The company routinely grapples with iPhone supply constraints, particularly in years that involve a smartphone re-design.
Apple’s website showed last week that the larger 5.5-inch “Plus” models displayed a wait time of up to a month. The 4.7-inch version was available for delivery on Sept. 19.
Janney Capital Markets analysts said the large number of pre-orders was due to “pent-up demand” for bigger iPhone screens.
The brokerage raised its sales estimate for the latest iPhones to 37.4 million units for the current quarter and 60 million for the quarter ended December.
The company said it was also exploring other options, including a sale or an investment, and liquidation as the last resort.
RadioShack, whose sales have been in free-fall since 2010 as it struggles to compete with internet retailers, said in a regulatory filing it was working with its lenders and landlords to restructure its debt and cut costs.
“It would surprise me if we got to Nov. 1 without a bankruptcy,” Wedbush Securities Inc analyst Michael Pachter told Reuters.
RadioShack shares, which are in danger of being delisted from the New York Stock Exchange, were up 2 percent at 95 cents in volatile early trading.
The company said same-store sales declined 20 percent in the latest quarter, while total sales plunged to their lowest in more than 20 years.
The company is being advised by a restructuring attorney at law firm Jones Day as it tries to strike a deal with creditors to close stores, two people close to the matter told Reuters on Wednesday.
RadioShack tried to close 1,100 stores this year, but reduced that number to 200 a year when lenders did not agree to the plans.
RadioShack’s landlords, however, may be open to mass store closures if they believe it will allow them to find new tenants more quickly than in a bankruptcy, a source close to the matter told Reuters.
David Tawil, president of hedge fund Maglan Capital that focuses on companies approaching bankruptcy, said he saw “major execution risks” to RadioShack’s recapitalization and turnaround efforts.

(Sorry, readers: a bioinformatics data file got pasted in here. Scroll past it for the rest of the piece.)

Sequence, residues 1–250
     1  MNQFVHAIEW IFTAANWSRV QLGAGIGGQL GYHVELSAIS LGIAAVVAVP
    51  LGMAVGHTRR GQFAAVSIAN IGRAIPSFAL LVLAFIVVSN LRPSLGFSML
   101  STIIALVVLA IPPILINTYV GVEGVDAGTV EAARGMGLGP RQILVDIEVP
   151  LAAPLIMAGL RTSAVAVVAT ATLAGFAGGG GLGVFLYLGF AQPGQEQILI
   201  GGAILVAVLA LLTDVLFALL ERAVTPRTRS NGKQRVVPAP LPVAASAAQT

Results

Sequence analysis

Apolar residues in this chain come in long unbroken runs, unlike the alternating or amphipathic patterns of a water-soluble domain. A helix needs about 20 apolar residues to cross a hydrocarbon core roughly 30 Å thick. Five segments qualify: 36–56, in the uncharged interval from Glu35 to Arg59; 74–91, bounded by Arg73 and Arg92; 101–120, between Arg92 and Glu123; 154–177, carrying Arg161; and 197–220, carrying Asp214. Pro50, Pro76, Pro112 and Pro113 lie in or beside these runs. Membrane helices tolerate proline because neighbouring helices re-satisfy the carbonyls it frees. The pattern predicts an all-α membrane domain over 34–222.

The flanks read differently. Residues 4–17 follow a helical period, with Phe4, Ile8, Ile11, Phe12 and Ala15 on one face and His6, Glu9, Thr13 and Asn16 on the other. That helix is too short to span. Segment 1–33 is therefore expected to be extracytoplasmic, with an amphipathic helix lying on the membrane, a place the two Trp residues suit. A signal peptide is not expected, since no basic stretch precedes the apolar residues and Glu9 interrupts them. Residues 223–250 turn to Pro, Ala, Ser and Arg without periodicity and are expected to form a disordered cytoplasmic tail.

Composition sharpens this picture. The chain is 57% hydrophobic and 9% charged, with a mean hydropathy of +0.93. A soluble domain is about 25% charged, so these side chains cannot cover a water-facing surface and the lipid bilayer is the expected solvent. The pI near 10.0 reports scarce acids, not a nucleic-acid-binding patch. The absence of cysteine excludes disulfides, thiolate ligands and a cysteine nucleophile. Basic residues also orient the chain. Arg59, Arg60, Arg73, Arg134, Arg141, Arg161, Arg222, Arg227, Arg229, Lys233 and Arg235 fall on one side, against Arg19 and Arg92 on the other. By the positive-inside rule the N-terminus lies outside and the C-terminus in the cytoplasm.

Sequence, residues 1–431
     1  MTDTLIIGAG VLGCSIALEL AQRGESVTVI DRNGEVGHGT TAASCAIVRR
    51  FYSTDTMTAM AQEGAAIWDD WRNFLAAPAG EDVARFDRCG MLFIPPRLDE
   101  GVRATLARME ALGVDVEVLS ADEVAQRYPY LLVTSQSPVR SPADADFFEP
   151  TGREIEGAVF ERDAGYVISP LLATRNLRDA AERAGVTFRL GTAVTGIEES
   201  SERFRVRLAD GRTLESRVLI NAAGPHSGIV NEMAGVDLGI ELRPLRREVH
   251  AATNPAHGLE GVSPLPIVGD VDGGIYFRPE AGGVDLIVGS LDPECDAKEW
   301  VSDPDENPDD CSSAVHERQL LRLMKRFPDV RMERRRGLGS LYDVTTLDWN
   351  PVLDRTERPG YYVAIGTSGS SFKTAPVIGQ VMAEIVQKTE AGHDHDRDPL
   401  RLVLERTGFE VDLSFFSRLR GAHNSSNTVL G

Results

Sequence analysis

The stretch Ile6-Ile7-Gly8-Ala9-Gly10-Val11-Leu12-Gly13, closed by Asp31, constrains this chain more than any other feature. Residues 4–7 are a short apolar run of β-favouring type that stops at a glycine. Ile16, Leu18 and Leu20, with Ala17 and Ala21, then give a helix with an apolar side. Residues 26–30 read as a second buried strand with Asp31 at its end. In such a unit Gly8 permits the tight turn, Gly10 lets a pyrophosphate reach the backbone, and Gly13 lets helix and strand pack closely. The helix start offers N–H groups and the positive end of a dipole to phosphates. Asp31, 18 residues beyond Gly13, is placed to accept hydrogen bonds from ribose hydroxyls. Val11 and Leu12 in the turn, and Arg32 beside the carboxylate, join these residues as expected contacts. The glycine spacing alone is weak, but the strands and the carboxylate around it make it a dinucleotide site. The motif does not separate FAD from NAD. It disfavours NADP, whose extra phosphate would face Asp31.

“I don’t think that the chances are great that RadioShack survives,” Tawil said, adding that the company’s credit default swaps were trading higher, pointing to market expectations of a near-term debt default.
The company ended the second quarter with $30.5 million in cash and $658.0 million in debt, which matures between 2018 and 2019.
The Fire Phone, which originally sold for $649 minus a contract commitment and for $199 with a two-year deal with AT&T, was marked down to $449 without a contract and 99 cents with one.
Amazon spun the dramatic price cut in the best possible light. “Fire is another example of the value Amazon delivers to customers,” said Ian Freed, vice president of Amazon Devices, in a statement Monday.
In fact, by all accounts, the Fire has done poorly. According to data mining done a month ago by ad network Chitika, Fire Phone usage grew only “incrementally” in the device’s first two months. By Aug. 14, Amazon’s phone accounted for just 0.02% of all smartphone-based ad impressions.
Chitika’s number was not a measurement of the number of devices in use, but of the online activity of Fire Phone users: The calculation was best described as “usage share.”
StatCounter, another metrics vendor that also tracks usage share, did not even list Fire Phone in its operating system data for the month of August.
In June, when Amazon CEO Jeff Bezos introduced the Fire Phone, most analysts slammed the pricing, saying that the online retailer needed to do more than simply mimic the competition.
“If the $199 on 2yr contract is all there is to Fire Phone pricing it will be a tough sell,” Carolina Milanesi, chief of research and head of U.S. business for Kantar WorldPanel Comtech, said on Twitter that day.
“Does the 99-cent price matter? Sure it does. But in the scheme of things, does it help? No, because you still have to have a contract,” Milanesi said in an interview today.